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Reducing Run Queue Contention in Shared Memory Multiprocessors
March 1997 (vol. 30 no. 3)
pp. 82-89

A run queue is a critical data structure that can affect overall performance in shared memory multiprocessor systems. Both of the basic run queue organizations, centralized and distributed, present performance problems. Among the techniques that mitigate these problems, none is completely satisfactory.

This article compares uniform-memory-access multiprocessors with nonuniform-memory-access multiprocessors and describes the two basic run queue organizations, citing their main drawbacks. A look at the techniques for improving performance in these basic organizations sets the stage for the introduction of the hierarchical run queue organization.

The hierarchical organization inherits the best features of the centralized and the distributed organizations while avoiding their pitfalls. In the hierarchical organization, a set of task queues is organized as a tree, and the processors with their local queues are attached to the bottom level of the tree as leaf nodes. The tree branching factor and the transfer factor, which indicates the number of tasks transferred from a parent queue to a child queue in the hierarchy, are shown to be the key design issues.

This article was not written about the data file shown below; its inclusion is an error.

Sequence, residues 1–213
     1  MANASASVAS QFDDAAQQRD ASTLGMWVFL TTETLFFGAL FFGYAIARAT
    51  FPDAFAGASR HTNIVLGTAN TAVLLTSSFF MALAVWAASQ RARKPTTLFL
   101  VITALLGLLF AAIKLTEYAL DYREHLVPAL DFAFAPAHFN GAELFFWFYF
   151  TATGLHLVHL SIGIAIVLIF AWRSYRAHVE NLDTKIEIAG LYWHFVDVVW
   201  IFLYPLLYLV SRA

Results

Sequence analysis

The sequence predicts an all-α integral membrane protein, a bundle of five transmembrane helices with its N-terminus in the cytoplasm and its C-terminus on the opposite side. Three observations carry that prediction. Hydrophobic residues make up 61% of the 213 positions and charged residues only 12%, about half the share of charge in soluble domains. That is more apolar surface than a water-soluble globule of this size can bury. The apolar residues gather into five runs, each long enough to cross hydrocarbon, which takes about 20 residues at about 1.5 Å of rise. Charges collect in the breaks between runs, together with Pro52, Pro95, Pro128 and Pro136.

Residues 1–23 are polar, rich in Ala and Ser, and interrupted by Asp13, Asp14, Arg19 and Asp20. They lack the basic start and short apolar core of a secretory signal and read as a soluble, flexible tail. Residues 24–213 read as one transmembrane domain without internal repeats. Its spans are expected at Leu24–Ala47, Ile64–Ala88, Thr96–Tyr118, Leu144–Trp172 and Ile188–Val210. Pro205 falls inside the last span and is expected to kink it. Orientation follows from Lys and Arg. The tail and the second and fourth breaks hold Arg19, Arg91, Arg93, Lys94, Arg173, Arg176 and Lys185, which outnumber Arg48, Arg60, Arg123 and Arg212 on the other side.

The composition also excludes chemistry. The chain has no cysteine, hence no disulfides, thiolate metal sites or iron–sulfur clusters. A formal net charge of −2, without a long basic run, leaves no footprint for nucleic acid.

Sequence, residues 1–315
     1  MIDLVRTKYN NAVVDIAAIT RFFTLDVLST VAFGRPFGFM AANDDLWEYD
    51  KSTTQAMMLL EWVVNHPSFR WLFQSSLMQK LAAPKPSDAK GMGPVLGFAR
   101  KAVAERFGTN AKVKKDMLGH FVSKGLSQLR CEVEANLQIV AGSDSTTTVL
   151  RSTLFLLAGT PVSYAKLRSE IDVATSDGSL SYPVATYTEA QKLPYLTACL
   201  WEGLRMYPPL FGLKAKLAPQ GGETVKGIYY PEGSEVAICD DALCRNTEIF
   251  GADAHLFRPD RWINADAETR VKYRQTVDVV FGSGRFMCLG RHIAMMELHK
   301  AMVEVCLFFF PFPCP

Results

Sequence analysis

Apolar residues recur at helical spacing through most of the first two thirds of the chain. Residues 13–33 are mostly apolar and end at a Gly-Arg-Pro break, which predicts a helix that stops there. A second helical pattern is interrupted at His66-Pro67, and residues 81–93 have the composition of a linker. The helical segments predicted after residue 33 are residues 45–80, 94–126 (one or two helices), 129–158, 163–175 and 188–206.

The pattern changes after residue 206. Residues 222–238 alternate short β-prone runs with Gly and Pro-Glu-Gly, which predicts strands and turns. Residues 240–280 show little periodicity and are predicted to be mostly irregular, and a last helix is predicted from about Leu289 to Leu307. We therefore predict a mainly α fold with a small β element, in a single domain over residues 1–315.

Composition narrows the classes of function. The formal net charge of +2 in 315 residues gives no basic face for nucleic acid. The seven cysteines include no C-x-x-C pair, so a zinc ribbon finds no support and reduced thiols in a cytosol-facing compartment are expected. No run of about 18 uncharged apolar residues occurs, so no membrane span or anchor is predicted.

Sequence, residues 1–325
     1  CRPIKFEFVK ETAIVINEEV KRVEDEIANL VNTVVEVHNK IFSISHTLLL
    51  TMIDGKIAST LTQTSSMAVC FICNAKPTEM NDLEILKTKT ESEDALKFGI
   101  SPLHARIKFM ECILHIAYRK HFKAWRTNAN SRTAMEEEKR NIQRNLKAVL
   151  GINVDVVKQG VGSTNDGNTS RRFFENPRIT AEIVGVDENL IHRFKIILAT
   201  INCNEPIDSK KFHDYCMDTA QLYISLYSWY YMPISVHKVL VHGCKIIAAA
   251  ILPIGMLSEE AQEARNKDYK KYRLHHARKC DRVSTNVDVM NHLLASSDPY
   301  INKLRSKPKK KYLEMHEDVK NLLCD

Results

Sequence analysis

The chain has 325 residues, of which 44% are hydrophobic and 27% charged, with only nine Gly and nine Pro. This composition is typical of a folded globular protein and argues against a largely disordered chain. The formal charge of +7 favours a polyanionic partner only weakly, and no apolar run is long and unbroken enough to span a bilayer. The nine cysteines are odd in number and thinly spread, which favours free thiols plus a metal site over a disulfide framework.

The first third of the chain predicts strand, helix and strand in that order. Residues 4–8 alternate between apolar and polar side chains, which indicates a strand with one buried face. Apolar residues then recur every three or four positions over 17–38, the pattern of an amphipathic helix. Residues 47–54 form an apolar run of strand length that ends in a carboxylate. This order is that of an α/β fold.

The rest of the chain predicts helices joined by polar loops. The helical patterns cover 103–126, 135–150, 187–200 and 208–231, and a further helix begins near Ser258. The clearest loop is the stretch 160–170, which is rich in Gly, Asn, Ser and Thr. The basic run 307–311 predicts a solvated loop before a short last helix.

Average response time of the three organizations as a function of system utilization reveals that the hierarchical organization provides the best performance for all levels of system utilization. The article concludes that this run queue organization will prove to be a useful mechanism for building large-scale shared memory multiprocessor systems.

Sivarama P. Dandamudi, "Reducing Run Queue Contention in Shared Memory Multiprocessors," Computer, vol. 30, no. 3, pp. 82-89, March 1997, doi:10.1109/2.573673
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